On reconciling differences
Whether compassionate or passionate, love leaps across the chasms and bridges the differences of hate
In India hostility and contempt toward Adivasis is widespread and acceptable. (Photo: UCA News)
As individuals, as a society, as a nation, we are different. Sometimes these differences are minor and are passed over easily — like habits of eating or dressing. At other times they are major and become the source of irritation and conflict.
There come times in a great and diverse country like India when the ruling powers, under the guise of unity, keep trying to force uniformity and conformity upon its people.
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This is why we ask: Do differences matter? Is diversity of value?
At different times and at different levels, this question gets thrown at us. Let's look at some of the issues involving differences in today's societies.
One of the critical questions in almost every society is the acceptance of homosexuality and other forms of sexuality.
For centuries, heterosexuality was the norm in most societies, and other forms of sexual expression were seen as deviant, restrictive and susceptible to either criminal or divine punishment.
While public slavery is rare today, discrimination against people of color continues
In fact, in most communities today, it is still the norm. So how accepting are we of gender differences?
What about those differences based on race or caste? Here, too, the record of history has been largely negative. Whole systems of slavery or serfdom were in vogue, based on demeaning people not like us — in physiognomy, skin color and language.
While public slavery is rare today, discrimination against people of color continues. In India, for example, hostility and contempt toward Dalits (formerly untouchables) and Adivasis (tribal people) are widespread and acceptable, sadly even in these times.
Then again, for centuries differences based on religion gave rise to violence, persecution and savage wars. To quote Bertrand Russell: More people have been killed in God's name than in the name of anyone else in history.
And while most countries in the secular and agnostic West have ceased to persecute others because of religion, the feudal societies of Africa and Asia show no such inclination. Hatred of those of other faiths is rampant, especially if those other believers are poor and weak.
So differences do matter, and secretly we all want others to be people like us. Societies thrive on being majoritarian — whether in race, gender or religion — no matter how much they talk of promoting diversity.
Why this is so usually depends on our perception of ourselves and how we see the others. Generally speaking, there are three ways in which this is done.
If the others are seen as a threat and a danger, then any difference becomes threatening and violent. Politicians are past masters at creating such threatening dangers and at dividing people into us versus them. Whether it's Hitler and the Jews, the Hindu Rashtriya Swayamsevak Sangh (RSS) and Muslims, Donald Trump and illegal migrants, or whomever else, differences are exaggerated and falsified to become the pretext for violence, persecution and, tragically, genocide.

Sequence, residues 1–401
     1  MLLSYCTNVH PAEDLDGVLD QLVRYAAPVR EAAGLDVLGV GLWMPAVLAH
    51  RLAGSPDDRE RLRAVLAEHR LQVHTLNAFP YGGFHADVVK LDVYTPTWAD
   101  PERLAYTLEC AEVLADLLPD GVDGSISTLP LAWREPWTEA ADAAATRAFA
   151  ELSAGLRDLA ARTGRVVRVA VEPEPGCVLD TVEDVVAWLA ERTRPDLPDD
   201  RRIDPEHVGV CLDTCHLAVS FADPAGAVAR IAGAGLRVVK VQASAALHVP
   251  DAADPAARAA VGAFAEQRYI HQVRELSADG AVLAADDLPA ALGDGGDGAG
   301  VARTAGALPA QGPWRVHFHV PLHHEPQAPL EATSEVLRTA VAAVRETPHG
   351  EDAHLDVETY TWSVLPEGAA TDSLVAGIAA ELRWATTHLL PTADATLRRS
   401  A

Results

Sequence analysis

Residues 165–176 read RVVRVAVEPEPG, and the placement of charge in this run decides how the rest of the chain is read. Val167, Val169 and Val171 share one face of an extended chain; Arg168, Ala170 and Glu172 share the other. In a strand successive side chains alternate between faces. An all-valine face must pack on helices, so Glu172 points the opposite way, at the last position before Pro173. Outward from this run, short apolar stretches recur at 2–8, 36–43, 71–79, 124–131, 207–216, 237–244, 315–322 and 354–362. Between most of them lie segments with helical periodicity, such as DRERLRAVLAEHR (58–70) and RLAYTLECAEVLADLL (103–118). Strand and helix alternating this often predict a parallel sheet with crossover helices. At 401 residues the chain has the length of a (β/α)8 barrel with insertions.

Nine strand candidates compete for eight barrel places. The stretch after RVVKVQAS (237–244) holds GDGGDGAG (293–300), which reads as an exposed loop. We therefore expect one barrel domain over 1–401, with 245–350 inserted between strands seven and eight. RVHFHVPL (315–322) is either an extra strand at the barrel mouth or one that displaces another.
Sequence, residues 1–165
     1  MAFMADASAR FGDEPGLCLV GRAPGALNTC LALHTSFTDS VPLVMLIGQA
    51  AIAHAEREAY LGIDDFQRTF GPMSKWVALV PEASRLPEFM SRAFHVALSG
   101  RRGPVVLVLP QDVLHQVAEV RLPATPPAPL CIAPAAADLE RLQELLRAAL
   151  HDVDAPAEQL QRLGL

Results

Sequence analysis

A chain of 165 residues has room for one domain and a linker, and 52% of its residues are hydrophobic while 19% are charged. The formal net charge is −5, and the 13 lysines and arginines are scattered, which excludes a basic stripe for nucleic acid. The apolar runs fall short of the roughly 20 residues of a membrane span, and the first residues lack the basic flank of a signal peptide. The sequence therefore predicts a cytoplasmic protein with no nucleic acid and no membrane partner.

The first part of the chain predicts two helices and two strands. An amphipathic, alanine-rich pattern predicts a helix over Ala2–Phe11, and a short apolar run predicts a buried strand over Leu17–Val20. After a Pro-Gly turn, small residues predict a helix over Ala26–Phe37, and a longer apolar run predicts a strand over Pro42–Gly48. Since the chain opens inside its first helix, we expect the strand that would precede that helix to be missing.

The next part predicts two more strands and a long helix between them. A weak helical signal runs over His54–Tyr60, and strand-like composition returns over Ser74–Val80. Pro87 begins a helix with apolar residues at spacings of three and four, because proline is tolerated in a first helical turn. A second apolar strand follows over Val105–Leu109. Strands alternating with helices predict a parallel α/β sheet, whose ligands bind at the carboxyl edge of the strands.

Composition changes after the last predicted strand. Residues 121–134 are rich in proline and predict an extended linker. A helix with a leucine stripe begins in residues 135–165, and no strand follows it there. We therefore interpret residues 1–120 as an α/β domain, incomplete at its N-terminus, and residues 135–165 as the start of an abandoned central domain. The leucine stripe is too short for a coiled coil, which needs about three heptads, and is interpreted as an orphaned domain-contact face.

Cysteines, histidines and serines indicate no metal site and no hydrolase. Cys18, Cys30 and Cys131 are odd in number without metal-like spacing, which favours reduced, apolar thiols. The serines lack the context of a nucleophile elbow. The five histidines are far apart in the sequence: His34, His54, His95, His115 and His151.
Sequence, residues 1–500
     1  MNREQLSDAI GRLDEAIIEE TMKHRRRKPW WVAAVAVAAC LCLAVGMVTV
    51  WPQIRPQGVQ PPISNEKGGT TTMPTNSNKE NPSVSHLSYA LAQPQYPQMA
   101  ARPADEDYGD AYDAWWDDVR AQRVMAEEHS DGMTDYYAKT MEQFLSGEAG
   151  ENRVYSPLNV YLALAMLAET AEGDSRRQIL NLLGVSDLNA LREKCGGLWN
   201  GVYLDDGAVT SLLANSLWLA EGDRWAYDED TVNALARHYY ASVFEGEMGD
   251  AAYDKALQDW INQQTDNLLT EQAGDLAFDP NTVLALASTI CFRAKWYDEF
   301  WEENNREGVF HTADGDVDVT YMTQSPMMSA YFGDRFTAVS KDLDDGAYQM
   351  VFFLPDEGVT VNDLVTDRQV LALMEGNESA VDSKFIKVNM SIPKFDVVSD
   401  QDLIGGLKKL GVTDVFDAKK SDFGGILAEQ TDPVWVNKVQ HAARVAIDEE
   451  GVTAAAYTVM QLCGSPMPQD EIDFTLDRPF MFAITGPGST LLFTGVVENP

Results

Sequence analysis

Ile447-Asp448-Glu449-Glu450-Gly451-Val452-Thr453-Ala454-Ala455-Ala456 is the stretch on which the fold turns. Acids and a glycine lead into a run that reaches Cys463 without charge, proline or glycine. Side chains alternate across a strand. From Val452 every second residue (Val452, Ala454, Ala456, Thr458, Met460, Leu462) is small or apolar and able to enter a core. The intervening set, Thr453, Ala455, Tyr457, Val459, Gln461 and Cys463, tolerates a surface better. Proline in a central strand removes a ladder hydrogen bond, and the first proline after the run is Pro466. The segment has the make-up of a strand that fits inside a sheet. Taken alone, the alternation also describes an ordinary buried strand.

The disadvantage is the forced acceptance of a static, unchangeable order when society at large is dynamic and fluid
Differences of course needn't always be seen as dangerous. The others may be labeled as useful who provide us with desired services, nothing more.
In many societies — and here feudal India is a prime example — the others are allotted a place and relationships with them are businesslike and transactional.
The plus point here is tolerance. Show them their place and see that they keep it. Safety lies within these limits.
The disadvantage is the forced acceptance of a static, unchangeable order when society at large is dynamic and fluid.
Caste does precisely this — a fixed place, usually inferior, where the others are of use to me without being able to cooperate, much less to integrate with my own society. Eating together (commensality) or sexual bonding (intermarriage) are definitely taboo.
Thus caste, whether as a color bar (varna) or as familial bonding (jaati) is India's own contribution to the lexicon of apartheid and racism.
But there is yet a third relationship which transcends both hatred and usefulness. It is love.
No matter where — whether among lovers who defy their families and their race, whether among witnesses who spend their lives in service, or whether among peacekeepers who sacrifice themselves to stop the violence — love reconciles differences.
Those who love in this way are legendary. They make of themselves signposts to a new and better society: Romeo and Juliet, Jacinda Ardern, Father Damien, Oscar Romero, Mahatma Gandhi, the names go on and on.
Whether compassionate or passionate, love leaps across the chasms and bridges the differences of hate. Love seeks harmony, reconciliation, union.
Love brings about attitudinal change, without which a new condition cannot last. It is St. Paul telling his friend Philemon to accept Onesimus, his runaway slave, no longer as a slave but as a dear brother.
In this world, however, love is necessary but not sufficient: law must always be there as a back-up. It is law which brings about structural change, political change, the power to enforce. In an imperfect world, it cannot be otherwise.
We began by asking if differences matter. We agreed that they do.
But how they matter depends on our perception of others, perceptions which are strengthened by the change of attitude which only love brings, even while they are also enforced and monitored by law.
Father Myron Pereira SJ is a media consultant based in Mumbai. The views expressed in this article are those of the author and do not necessarily reflect the official editorial position of UCA News.